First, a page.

Individuals who accept human evolution tend to exhibit reduced levels of prejudice compared to those who reject the scientific theory, according to new research published in the Journal of Personality and Social Psychology. The study indicates that disbelief in evolution predicts racism and prejudice around the world and in various cultural contexts.
“I have been interested in human-animal relations for a while now,” said study author Stylianos Syropoulos, a PhD candidate at the University of Massachusetts Amherst.
“I did my first study on the subject back as an undergraduate student, examining how and why people expand their moral circles to include/exclude animals or humans. Then in graduate school I joined the Psychology of Peace and Violence Program, where I became invested in research on understanding and preventing intergroup conflict and violence.”
“Further, I recently also came across a wonderful review article by Vezzali and colleagues which suggests that some interventions to reduce conflict can be non-conflict-specific,” Syropoulos said. “Namely, that means that they can focus on an unrelated psychological phenomenon outside the scope of the conflict, which in this case was belief in evolution.”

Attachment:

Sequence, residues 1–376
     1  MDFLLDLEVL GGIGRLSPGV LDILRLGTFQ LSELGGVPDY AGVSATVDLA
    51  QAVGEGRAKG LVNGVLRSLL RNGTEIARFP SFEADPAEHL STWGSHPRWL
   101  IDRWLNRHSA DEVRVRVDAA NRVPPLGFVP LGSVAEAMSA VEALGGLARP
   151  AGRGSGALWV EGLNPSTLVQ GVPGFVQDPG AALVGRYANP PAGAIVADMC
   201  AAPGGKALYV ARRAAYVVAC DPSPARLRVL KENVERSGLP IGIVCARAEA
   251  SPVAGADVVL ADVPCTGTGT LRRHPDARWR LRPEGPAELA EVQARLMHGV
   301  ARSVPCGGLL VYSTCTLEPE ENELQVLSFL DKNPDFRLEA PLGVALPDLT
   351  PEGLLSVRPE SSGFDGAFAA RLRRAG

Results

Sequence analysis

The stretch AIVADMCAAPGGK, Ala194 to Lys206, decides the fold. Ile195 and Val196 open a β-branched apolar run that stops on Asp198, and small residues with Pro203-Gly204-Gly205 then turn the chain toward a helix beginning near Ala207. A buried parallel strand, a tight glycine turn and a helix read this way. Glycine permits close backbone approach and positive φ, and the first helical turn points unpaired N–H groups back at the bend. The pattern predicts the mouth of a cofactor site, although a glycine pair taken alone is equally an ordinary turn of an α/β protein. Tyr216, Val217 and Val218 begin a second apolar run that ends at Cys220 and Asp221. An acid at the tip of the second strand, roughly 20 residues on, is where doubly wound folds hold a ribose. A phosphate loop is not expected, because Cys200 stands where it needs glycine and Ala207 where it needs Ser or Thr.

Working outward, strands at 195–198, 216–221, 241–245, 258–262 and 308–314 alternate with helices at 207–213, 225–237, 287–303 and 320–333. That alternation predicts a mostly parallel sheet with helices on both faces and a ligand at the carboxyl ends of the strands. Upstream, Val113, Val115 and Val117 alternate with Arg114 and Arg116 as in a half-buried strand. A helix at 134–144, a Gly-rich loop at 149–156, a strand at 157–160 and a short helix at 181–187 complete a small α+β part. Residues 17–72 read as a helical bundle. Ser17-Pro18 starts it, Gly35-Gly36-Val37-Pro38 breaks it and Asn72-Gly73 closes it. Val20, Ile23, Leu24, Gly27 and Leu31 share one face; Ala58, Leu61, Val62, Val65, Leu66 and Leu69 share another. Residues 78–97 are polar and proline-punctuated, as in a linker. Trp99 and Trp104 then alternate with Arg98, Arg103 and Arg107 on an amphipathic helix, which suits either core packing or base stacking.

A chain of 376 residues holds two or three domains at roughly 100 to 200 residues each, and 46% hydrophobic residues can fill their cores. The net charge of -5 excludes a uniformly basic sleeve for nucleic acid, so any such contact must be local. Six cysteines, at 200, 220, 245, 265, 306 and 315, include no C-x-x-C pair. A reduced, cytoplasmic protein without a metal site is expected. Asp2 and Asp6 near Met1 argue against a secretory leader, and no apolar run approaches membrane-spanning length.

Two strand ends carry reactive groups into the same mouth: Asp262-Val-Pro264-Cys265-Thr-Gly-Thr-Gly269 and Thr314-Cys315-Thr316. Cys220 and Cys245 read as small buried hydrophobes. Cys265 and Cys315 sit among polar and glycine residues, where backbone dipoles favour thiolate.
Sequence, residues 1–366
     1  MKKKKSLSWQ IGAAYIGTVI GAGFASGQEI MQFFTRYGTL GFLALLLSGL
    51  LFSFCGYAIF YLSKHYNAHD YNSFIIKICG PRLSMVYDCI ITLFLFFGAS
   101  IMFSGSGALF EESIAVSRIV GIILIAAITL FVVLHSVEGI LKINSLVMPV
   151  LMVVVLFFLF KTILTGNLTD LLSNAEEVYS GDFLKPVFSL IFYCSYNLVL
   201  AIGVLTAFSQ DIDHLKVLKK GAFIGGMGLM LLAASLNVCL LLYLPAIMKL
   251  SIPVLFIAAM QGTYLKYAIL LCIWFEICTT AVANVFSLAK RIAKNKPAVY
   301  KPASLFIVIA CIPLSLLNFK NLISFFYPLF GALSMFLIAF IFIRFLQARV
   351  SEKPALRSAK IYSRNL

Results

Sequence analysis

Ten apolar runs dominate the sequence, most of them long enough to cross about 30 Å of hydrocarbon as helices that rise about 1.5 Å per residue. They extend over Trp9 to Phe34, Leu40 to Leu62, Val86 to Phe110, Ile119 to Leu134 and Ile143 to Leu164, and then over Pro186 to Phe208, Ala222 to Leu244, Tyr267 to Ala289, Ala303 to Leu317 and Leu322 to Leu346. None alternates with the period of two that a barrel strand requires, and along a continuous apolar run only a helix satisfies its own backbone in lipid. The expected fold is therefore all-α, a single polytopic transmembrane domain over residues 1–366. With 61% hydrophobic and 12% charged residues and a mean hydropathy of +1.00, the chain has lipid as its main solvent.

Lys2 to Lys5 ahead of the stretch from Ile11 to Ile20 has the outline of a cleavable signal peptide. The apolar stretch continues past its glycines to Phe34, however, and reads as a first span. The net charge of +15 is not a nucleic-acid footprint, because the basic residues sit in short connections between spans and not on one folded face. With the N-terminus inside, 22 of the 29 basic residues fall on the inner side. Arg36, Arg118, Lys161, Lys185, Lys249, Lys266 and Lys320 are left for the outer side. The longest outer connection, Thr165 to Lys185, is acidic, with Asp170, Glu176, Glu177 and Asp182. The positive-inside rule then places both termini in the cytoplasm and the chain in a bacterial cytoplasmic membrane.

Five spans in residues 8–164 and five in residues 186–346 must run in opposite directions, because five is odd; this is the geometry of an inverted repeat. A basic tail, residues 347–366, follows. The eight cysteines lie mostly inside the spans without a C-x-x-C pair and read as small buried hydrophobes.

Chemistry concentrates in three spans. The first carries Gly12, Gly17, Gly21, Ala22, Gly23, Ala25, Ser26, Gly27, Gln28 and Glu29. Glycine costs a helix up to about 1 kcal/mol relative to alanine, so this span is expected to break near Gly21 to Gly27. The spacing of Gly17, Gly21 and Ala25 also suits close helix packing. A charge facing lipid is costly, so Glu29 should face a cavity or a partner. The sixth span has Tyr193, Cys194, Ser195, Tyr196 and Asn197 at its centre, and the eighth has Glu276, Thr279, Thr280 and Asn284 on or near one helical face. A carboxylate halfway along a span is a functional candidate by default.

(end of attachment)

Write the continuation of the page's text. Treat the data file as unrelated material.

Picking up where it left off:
To examine the relationship between the acceptance of evolution and prejudicial attitudes, the researchers first analyzed very large sets of data collected by the General Social Survey and Pew Research Center.
For 10 years, the General Social Survey, a nationally representative survey of U.S. citizens, included measures of the belief that humans developed from earlier species of animals. An analysis of responses from 8,963 participants found that the belief that humans evolved from animals was associated with reduced prejudice, less racist attitudes and reduced support for discriminatory behaviors. This was true even after controlling for education level, religiosity, political beliefs, family income, and gender.
The researchers also analyzed Pew Research Center data from 21,827 Christian individuals in 19 Eastern European countries. Pew asked the participants whether “Humans and other living things have evolved over time” or “Humans and other living things have existed in their present form since the beginning of time.” After controlling for education, importance of religion, age, and gender, the researchers found that those who denied that humans had evolved tended to exhibit reduced acceptance of outgroups, such as Roma and Catholics.